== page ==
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From Peter Kriens <peter.kri...@aqute.biz>
Subject Re: Gogo
Date Fri, 17 Jul 2009 10:36:46 GMT
I am not sure I see why we need $( ... ) for evaluation, instead of  
( ... )?

Kind regards,

	Peter Kriens




On 16 jul 2009, at 16:22, Derek Baum wrote:

> 2009/7/16 Peter Kriens <peter.kriens@aqute.biz>
>
>>
>> I do agree that we should replace the <> with (). This makes a lot  
>> of sense
>> and there are not that many filters in use anyway. We could now  
>> make filters
>> <> if we want.
>>
>> [snip]
>>
>> About the priority of | and ; ... I remember thinking long and hard  
>> about
>> this but forgot why I picked this model, it still seems slightly more
>> powerful because the newline acts as a ';' with a higher priority  
>> than the
>> '|' but I am not opposed to switching the priority.
>
>
> if we agree to use $() for command execution instead of <>
> then we can use () for command grouping, and thus the examples below  
> would
> work the same in Unix or RFC132 shell:
>
> echo a; echo b | cat
> (echo a; echo b) | cat
>
> We could also add a converter to coerce a string into an LDAP filter  
> to make
> up for stealing the ().
>
>
>
>> I am not sure about throwing an error when a command is not  
>> recognized.
>> Using its value seems sufficient to me and has some advantages. I  
>> do not
>> think this would ever confuse me.
>
>
> It has already confused users on Karaf :-)
>
> A 'command not found' error only occurs if you pass an argument to an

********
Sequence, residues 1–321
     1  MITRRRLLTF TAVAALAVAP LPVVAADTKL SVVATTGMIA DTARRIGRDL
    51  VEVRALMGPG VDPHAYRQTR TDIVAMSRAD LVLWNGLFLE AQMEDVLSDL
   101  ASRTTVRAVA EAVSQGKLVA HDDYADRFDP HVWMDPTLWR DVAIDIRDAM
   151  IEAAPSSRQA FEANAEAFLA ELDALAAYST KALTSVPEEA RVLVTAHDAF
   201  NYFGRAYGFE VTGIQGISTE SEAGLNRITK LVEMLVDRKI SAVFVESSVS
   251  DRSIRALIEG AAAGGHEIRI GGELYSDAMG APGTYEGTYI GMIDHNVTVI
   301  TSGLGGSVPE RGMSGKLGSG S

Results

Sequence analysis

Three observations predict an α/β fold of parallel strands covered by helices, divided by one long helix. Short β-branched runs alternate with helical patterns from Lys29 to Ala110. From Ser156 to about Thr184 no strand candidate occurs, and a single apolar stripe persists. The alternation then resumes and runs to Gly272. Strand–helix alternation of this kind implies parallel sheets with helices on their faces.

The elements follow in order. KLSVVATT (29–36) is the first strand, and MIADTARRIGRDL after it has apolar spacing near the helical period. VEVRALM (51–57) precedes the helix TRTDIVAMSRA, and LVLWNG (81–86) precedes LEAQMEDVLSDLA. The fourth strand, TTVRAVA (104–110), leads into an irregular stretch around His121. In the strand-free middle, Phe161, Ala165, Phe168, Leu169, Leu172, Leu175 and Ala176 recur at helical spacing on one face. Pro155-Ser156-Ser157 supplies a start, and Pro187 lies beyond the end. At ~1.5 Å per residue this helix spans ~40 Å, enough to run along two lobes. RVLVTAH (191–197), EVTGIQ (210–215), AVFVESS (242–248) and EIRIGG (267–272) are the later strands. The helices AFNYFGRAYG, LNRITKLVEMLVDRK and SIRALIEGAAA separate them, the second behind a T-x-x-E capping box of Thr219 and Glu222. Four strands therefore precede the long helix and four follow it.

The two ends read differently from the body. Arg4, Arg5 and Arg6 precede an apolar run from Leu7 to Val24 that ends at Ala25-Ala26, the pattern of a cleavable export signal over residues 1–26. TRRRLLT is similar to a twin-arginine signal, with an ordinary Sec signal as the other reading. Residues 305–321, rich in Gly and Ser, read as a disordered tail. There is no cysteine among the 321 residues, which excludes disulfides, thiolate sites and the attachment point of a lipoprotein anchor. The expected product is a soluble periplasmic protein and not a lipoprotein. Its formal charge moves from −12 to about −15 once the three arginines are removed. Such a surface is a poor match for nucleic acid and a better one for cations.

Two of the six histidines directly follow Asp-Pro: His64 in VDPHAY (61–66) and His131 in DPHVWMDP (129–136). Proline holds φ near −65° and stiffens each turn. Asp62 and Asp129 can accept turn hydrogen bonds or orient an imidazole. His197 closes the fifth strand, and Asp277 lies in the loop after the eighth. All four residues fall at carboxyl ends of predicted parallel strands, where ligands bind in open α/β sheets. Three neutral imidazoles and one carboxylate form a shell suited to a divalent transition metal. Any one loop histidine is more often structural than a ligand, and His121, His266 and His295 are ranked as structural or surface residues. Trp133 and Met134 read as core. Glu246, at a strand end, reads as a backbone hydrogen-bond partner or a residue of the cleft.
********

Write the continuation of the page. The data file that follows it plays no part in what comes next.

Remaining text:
> unknown command, otherwise it silently evaluates to itself.
>
> Although this may be apparent to a user at the console, it would be  
> much
> more difficult to diagnose in a script containing a mis-spelled  
> command.
>
> I have attached a simple patch to experiment with this to
> https://issues.apache.org/jira/browse/FELIX-1325
>
> This patch simply avoids re-evaluating a single argument to an  
> assignment,
> so
>
> x = hello
>
> works as before, but when evaluated in a non-assignment context, it  
> fails if
> a 'hello' command is not found.
>
> Variable expansion using ${ab} rather than $ab is still problematic.
>
> the ${ab} notation is in common usage:
>
>   - Unix allows it to delimit the variable name from following text
>   - Many Java programs interpret ${xx} as expansion of system  
> properties
>
> It also works in the RFC132 shell, but in this case {ab} defines a  
> closure
> and the $ evaulates it.
>
> If you really wanted to capture the result of executing ab, then  
> <ab> or our
> proposed $(ab) is the way to go.
>
> This would then allow us to interpret ${ab}, according to its comon  
> usage -
> enhanced variable expansion.
> We could also usefully add the Unix variable expansion: ${var:- 
> default}
>
> Derek
>
>
>>
>>
>> Nice to get some discussion going! However, please note that this  
>> is an
>> OSGi RFC. I will update the RFC in the coming weeks and discuss it  
>> in CPEG.
>> I hope to schedule it then for inclusion in an upcoming compendium.
>>
>> I'd like to add one more thing. In Blueprint we spent a lot of time  
>> on type
>> conversion and I like very much what we got there. I think it would  
>> be a
>> good idea to use the same type converters, especially because they  
>> also
>> handle generics when available.
>
>
>>
>> Kind regards,
>>
>>       Peter Kriens
>>
>>


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